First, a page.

on the right. Conceived as tonal equals, these two manual divisions
possess comprehensive tonal resources, a wide dynamic range and a
variety of color possibilities. The remaining Pedal pipes are
mounted on the back walls and roofs of the expression boxes.
The tonal design of Opus 23 was the collaboration of Organist and
Director of Music William Beck and Manuel Rosales. Instead of
spreading the resources over three or even four manuals, the unusual
design of Opus 23, with two primary manual divisions, allowed for a
variety of foundation stops, color registers and dynamic ranges. The
organ’s primary purpose, to provide support for liturgical music and
choral accompaniment, is admirably fulfilled by the array of stops
at the organist’s command. The ability to play organ literature is
not lost, however, as the core of the stoplist is centered on two
traditional Principal choruses.
The inclusion of the Solo manual, not only the home to the chamade
trumpets but a “coupling division” lends the flexibility of a far
larger instrument. Portions of the Great and Swell can be separately
coupled to the Solo, making them playable independently as well as
in contrast to those of their home keyboard. Also, the transferred
stops can be changed in pitch (up or down an octave) and coupled
back to their original manual. These few additional transfer
controls provide the organist with a vast increase in the number of
The organ’s console is patterned after those in 19th century French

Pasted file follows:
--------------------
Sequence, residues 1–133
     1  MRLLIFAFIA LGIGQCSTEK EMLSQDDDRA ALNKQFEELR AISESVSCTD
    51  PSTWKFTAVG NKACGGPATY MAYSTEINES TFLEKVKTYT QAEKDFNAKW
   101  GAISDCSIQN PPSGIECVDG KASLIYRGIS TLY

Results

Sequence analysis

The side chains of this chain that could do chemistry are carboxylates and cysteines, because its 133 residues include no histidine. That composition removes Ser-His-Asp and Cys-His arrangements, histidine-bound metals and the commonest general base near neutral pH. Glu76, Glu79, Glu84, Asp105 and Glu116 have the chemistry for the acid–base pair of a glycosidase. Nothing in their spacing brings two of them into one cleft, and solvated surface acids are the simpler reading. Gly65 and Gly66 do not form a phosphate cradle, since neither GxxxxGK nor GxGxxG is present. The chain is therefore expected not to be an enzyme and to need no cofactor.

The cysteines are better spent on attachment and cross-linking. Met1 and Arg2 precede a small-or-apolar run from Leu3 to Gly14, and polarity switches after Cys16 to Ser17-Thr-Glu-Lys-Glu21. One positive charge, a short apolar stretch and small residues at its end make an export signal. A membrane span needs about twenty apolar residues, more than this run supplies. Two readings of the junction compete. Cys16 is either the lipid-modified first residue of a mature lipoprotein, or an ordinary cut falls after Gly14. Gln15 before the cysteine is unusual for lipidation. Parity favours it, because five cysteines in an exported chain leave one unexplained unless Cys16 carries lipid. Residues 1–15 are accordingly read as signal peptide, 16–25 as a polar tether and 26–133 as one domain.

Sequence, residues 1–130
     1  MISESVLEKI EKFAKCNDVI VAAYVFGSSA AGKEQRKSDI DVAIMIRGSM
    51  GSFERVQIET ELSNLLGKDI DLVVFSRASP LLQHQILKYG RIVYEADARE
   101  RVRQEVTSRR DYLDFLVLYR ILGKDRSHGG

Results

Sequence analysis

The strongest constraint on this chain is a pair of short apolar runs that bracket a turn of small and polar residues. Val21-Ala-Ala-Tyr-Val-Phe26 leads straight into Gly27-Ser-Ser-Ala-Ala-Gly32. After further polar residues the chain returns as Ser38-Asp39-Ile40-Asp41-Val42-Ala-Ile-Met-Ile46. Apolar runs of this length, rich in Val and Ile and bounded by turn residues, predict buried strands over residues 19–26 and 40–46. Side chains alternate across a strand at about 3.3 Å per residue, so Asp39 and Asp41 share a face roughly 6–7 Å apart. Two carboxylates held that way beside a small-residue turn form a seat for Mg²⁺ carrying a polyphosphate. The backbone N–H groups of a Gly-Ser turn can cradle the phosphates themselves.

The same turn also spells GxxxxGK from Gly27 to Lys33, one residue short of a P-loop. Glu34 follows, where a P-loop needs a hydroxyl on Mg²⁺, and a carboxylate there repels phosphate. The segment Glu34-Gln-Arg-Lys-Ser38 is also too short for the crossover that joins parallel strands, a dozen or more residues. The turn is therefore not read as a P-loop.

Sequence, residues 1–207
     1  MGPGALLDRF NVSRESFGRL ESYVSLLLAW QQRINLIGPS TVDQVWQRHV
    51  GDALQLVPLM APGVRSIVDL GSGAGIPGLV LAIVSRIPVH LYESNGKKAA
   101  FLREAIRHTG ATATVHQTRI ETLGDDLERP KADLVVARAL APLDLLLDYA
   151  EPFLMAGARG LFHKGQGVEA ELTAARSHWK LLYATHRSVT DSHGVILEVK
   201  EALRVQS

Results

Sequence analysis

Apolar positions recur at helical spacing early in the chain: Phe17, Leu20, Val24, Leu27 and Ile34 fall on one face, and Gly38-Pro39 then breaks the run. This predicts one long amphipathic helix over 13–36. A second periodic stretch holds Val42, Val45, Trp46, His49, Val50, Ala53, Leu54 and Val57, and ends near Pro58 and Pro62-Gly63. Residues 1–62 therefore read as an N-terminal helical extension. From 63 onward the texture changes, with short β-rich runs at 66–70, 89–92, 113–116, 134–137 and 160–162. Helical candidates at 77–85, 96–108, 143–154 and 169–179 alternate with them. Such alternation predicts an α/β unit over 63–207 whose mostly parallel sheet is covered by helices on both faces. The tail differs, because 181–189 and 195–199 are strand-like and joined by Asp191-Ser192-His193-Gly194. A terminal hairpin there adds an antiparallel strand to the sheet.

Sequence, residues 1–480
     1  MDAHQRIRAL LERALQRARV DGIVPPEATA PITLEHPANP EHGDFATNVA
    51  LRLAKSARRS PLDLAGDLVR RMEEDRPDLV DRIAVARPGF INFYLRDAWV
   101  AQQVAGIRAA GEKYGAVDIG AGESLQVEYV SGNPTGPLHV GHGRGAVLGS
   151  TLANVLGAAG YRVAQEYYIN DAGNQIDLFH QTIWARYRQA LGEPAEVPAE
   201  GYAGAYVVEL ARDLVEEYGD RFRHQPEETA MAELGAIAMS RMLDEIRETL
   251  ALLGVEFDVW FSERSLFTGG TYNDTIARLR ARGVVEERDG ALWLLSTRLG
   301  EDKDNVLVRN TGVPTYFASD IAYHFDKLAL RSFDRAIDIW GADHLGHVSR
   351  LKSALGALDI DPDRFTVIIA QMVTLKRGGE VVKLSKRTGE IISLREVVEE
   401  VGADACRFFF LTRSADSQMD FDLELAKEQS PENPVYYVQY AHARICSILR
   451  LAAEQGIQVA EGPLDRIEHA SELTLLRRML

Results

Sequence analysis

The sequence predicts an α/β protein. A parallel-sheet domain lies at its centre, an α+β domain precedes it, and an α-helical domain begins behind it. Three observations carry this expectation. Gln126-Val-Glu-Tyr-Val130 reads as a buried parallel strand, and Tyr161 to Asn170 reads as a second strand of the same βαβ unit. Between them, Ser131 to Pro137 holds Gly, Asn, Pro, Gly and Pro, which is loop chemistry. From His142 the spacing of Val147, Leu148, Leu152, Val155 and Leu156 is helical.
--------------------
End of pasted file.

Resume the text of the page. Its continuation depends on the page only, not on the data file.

choir organs. With a low profile and a compact design, it offers the
organist an unhindered view of the choir. Inside the traditionally
crafted quarter-sawn oak and black walnut case, however, is the
latest in digital control technology. An abundance of programmable
features afford the organist numerous conveniences for stop changes,
multiple memory levels, digital performance recording and MIDI
interface. Free of the usual bundle of hundreds of electrical wires,
a single coaxial cable allows freedom of movement for the console.
The crowning features of the tonal design are the two chamade
trumpets and the full-length 32’ Trombone. Mounted horizontally on
the top of each expression box, the trumpets project effortlessly to
enrich the full organ. These trumpets can be played in dialogue with
each other or with the other divisions of the organ. Underpinning
the entire ensemble of stops are the pipes of the 32’ Contra
Trombone. Over 30’ long and 15” in diameter, these pipes add gravity
and depth to the overall ensemble.
The organ was dedicated on May 31, 1998, Pentecost Sunday. The organ
builders wish to thank St. Cyril’s Parish for the opportunity to
build this instrument and for their patience in its construction and
installation. Thanks too for the creativity and craftsmanship of all
involved in this project. Without the dreams, vision, and patient
encouragement of both the Pastor Emeritus Monsignor Navin and Pastor
Monsignor Bell, this project would never have been completed.
It is with joy and celebration that Opus 23 is presented to the
congregation of St. Cyril’s. May this instrument inspire and uplift
all who worship in this edifice for years to come.
~by: Rosales Organ Builders, Inc. Opus
23 ~Dedicated: May 31, 1998